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    Why a PM? Explain to us why you -- who admits not understanding debuggers very well -- speak publicly that "when it comes to debugging, people will start talking and talking. However, as usually, the actual good info they spread is just a 30% of the whole talking" (sic)?

    I'm also curious as to who has ever told you that it is a good idea to debug a program with print statements. Or why do you think it is a good idea to spread that concept to beginners to the language when you yourself don't understand debuggers.

    Let's talk...
    Elkvis likes this.
    The programmer’s wife tells him: “Run to the store and pick up a loaf of bread. If they have eggs, get a dozen.”
    The programmer comes home with 12 loaves of bread.


    Originally Posted by brewbuck:
    Reimplementing a large system in another language to get a 25% performance boost is nonsense. It would be cheaper to just get a computer which is 25% faster.

  4. #19
    Registered User whiteflags's Avatar
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    There are probably better ways to do this, but this was the gist of our conversation. It has nothing to do with debugging, per se:
    You missed the point. But anyway, let's not get off topic.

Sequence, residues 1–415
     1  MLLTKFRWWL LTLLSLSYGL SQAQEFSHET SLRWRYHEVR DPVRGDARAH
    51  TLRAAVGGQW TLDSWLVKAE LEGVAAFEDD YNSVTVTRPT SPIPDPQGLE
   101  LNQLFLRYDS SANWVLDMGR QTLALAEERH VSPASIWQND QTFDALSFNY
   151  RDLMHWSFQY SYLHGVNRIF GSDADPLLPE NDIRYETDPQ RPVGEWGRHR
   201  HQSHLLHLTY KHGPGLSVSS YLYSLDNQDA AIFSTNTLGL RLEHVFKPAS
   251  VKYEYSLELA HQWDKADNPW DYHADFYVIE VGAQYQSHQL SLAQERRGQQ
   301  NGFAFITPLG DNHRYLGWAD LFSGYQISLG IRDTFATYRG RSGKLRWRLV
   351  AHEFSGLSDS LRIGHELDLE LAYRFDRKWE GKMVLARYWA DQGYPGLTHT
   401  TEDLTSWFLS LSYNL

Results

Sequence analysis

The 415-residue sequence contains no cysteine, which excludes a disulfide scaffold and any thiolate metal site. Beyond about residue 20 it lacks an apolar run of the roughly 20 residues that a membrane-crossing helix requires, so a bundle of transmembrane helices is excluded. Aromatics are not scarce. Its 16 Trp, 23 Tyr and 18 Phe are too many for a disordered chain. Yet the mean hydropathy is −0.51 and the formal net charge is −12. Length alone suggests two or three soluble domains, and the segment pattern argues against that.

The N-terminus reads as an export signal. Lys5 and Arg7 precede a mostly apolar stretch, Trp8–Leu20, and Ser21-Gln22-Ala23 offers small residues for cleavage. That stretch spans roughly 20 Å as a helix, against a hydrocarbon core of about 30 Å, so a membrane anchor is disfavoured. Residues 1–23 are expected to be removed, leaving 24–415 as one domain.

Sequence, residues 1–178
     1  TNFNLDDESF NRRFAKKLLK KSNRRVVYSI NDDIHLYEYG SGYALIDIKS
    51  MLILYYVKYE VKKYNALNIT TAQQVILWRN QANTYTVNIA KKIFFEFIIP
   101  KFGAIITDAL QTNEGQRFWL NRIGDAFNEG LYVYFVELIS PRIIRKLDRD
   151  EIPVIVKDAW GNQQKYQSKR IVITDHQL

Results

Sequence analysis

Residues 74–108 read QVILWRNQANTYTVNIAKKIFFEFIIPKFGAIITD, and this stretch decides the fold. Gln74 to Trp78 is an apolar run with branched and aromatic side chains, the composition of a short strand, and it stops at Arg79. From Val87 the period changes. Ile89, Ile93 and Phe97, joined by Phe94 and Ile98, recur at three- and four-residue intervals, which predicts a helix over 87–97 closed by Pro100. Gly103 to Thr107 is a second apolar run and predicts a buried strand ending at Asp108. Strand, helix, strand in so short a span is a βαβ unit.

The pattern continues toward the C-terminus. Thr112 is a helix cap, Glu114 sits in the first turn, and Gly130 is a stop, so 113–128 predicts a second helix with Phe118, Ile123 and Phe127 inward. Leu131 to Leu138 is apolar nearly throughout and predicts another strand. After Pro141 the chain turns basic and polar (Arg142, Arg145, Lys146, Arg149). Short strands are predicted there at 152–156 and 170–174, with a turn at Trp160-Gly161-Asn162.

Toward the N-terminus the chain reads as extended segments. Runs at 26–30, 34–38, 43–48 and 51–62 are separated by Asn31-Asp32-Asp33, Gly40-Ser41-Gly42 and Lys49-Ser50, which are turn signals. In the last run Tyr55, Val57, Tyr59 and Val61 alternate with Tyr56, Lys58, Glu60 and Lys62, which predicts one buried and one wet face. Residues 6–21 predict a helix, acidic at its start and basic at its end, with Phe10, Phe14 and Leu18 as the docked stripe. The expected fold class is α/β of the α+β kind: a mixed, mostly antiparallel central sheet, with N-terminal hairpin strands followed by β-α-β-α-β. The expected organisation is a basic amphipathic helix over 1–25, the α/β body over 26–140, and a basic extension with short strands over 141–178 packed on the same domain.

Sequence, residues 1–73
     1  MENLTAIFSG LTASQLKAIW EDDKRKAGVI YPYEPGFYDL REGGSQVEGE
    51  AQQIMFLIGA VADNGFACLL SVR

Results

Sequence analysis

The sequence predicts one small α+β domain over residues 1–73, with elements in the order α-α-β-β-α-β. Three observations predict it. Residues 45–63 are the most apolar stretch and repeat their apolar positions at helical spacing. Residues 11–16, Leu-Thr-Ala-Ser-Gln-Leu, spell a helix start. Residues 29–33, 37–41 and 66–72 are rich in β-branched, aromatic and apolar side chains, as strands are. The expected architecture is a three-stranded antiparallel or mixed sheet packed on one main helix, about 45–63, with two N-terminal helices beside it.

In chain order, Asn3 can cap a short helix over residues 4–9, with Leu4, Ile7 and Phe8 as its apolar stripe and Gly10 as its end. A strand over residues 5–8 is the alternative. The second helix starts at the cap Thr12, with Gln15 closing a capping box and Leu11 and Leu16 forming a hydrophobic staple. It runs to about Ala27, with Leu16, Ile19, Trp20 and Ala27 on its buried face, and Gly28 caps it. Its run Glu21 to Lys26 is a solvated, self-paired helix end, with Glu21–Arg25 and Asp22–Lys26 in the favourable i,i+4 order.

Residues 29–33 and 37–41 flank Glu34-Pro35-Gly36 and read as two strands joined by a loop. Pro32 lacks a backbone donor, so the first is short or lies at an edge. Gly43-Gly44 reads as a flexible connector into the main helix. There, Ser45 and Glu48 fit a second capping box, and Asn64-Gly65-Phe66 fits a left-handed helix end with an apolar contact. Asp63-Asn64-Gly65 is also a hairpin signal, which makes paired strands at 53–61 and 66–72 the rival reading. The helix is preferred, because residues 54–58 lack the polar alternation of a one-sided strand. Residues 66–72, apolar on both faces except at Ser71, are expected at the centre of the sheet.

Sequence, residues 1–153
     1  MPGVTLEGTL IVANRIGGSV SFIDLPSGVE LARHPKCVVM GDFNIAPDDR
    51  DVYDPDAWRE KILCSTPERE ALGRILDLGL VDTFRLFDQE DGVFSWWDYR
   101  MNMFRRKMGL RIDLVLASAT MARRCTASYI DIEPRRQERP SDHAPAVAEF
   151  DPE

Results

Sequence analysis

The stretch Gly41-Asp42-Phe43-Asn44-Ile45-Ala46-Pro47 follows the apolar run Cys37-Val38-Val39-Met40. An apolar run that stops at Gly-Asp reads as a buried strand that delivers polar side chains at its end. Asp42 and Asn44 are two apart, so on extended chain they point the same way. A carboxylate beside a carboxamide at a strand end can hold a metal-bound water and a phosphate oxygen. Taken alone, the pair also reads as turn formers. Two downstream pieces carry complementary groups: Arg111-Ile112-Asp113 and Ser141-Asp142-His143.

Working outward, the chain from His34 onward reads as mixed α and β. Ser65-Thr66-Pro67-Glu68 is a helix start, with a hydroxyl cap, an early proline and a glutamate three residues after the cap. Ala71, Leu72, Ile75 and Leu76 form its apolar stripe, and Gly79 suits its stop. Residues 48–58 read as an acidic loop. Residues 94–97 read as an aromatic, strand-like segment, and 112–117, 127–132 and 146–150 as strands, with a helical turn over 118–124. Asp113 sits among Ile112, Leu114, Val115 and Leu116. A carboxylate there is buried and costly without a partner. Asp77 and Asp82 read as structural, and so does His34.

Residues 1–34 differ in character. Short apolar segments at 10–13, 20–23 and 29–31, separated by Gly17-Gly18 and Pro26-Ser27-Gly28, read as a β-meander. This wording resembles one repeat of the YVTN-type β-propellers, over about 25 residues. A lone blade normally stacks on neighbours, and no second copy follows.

// If you are having a burning desire to find out what I meant pm me.
    What?
    When people talk, in general, they tend not to be laconic (with the meaning that Greek people say it, not something bad).
    I mean, that usually people, have two say one or two things (thus two sentences max), but they tend to say about 5-6.
    Oh, so it's just a general complaint about brevity. That's one way of looking at it I guess. I would say particularly with programming problems you have to say a lot to communicate effectively. Personally, I try to be concise, but more often than not, a situation is complex enough that I need to lay groundwork in order to be understood.
    I see your point. I believe that the ideal thing to express something is with the minimum number of words needed. In other words, say the minimum number of words and give the maximum amount of understanding. That's what laconic really means. Ancient Spartans (not all Ancient Greeks!!) were the leaders of the laconic way of speaking. The word laconic comes from their inhabitant.